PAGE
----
On one hand, once you’ve seen one stately home or castle, you’ve pretty much seen them all. (Yes, SOMEBODY is jaded from having lived in a castle-on-every-third-hill country for almost four years.) On the other — there’s nothing like showing off those castles and stately homes to someone new all over again. And it’s a lot of fun being the tour guides to someone’s first time international flight, first castle, and first time in Scotland. We have played midwife to the birth of a new identity for D’Nic & McFlea, that of traveler. We hope our tourists have developed a love for the wider world that sticks with them, and changes their thinking about who they are, and how far that they can go.

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One of McFlea’s funnier repeated comments was, “I expected it –” whatever “it” might have been — “to taste/look/smell/be like the ones at home!” Surprise! Scotland is a whole ‘nother country. It’s amazing how you can know something in your head, but not have it sink in, until you get where you’re going.

At this time, we’d like to give a big shout out to Northern California, especially the SF Bay Area, for taking the Scottish weather for a few days. Thanks Cali! Your days of wild rain, water spouts, high winds and sheer misery enabled us to have a lovely week of mild Spring weather, with temps in the low fifties, light morning fog and clouds. NC, should you feel a need to trade again, let us know! We’re open!

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Ah, tourism: curious food (some of us are still bewildered at the scoop of shredded cheese-mayonnaise… stuff that was plopped next to our baked potatoes on Monday), naff – or tasty, depending on who you are – orange drinks (“It’s Made in Scotland from Girders”™), and fast-talking guides. McFlea was fun to watch as she peered intently at the castle tour guides. She has informed us that a Scottish burr is completely understandable if one simply watches the speaker’s mouth. Lip-reading! Who’d have thought! We did not try out her newly learned skills on any taxi drivers or random Glaswegians, as we’re not sure that it would have held up satisfactorily (and what happens if people mumble?). Still, we were pleased that she understood a lot more than any of our previous guests. It might be something to do with age, in some cases – ::cough:: – and the fact that others who visited were also polyglots who were accustomed to letting unknown languages simply flow past them like music. Either way, impressive work, McFlea! (Surprisingly, D’Nic even understood more than we expected, but he just shrugged when we asked him how. He’s got SKILZ, man. Mad skilz.)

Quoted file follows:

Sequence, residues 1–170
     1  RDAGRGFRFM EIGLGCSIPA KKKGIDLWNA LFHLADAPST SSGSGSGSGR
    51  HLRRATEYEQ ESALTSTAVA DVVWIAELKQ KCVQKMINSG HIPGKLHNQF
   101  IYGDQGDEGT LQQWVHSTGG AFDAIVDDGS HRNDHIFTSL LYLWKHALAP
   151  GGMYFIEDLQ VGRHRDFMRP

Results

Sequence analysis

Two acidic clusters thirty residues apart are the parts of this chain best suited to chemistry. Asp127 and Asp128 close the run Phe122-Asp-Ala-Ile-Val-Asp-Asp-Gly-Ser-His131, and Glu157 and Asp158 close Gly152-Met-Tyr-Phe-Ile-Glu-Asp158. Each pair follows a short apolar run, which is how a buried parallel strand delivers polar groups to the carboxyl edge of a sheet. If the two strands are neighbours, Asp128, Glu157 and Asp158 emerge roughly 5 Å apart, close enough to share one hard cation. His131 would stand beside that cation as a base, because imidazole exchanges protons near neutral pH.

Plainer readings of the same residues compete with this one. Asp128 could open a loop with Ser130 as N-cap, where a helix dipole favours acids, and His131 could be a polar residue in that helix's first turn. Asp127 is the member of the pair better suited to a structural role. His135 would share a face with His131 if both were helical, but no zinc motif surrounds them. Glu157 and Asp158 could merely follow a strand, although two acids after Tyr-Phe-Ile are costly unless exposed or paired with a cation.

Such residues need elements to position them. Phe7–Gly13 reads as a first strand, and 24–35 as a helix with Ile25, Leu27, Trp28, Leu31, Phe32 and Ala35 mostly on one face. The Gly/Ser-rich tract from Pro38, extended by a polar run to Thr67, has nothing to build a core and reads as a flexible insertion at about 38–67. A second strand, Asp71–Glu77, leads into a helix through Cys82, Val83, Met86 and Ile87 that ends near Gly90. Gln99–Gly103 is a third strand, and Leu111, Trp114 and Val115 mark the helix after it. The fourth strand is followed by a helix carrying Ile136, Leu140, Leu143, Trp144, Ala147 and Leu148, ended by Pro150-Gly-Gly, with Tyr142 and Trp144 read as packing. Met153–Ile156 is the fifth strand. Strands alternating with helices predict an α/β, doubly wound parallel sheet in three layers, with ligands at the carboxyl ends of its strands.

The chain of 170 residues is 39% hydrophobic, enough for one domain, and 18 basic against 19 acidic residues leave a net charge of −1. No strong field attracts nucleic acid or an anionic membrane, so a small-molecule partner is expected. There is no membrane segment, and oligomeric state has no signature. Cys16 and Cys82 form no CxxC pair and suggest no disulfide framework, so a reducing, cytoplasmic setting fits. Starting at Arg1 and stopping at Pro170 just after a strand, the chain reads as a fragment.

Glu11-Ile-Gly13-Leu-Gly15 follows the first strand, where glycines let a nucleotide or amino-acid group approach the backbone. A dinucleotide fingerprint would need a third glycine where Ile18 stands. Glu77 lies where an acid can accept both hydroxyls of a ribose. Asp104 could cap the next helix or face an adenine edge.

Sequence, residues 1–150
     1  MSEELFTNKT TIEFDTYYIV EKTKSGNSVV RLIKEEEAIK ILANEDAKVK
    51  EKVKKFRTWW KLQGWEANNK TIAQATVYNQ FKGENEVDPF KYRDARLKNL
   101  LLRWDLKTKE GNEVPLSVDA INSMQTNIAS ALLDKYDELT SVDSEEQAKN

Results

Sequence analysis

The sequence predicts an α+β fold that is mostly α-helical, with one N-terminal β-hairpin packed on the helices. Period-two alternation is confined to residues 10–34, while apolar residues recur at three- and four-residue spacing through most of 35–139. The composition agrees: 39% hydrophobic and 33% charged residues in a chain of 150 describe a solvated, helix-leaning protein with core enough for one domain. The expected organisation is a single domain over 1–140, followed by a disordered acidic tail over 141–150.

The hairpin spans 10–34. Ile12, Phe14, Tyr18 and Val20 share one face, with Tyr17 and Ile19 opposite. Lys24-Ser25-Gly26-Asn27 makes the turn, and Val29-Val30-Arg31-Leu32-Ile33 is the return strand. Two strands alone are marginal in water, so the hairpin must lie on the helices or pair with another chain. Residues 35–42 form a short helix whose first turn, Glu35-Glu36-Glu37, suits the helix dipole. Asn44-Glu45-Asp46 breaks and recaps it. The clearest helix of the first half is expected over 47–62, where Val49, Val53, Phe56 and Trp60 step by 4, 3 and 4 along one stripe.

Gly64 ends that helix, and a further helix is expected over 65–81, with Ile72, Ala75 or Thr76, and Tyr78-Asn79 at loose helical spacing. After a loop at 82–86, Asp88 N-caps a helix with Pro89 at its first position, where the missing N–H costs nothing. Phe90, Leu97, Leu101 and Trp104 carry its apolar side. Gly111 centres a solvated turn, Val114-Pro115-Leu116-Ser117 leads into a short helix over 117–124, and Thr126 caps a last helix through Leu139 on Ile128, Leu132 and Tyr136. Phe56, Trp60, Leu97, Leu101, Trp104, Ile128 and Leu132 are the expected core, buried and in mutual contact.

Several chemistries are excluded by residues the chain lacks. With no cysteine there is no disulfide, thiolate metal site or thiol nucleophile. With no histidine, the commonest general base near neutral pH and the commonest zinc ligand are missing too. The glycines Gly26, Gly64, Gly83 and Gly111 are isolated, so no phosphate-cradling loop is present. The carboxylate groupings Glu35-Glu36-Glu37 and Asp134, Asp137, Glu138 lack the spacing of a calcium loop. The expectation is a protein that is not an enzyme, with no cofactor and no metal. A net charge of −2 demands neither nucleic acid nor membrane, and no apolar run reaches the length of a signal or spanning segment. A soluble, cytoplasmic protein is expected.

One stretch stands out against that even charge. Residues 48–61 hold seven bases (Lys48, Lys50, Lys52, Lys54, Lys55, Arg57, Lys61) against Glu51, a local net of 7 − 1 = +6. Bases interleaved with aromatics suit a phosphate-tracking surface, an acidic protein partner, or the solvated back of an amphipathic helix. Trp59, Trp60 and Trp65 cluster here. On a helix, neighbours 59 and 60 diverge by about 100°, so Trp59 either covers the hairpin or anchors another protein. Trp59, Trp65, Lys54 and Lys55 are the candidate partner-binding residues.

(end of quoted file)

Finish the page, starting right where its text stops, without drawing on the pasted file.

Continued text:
D’Nic is one of those …um, quiet types, who apparently has a lot of amusing thoughts on his own and doesn’t say them – until later. He kept us smiling, and one night did a dreadfully accurate impersonation of a shopkeeper who kept calling T. “madam,” much to T’s disgust. With his teensy phone camera – on which he managed to take a number of surprisingly good photographs – he was always wandering off, engaged in capturing the memories. He enjoyed the castles well enough, but he really enjoyed the food — although where he puts it all, truly, no one knows — and getting active.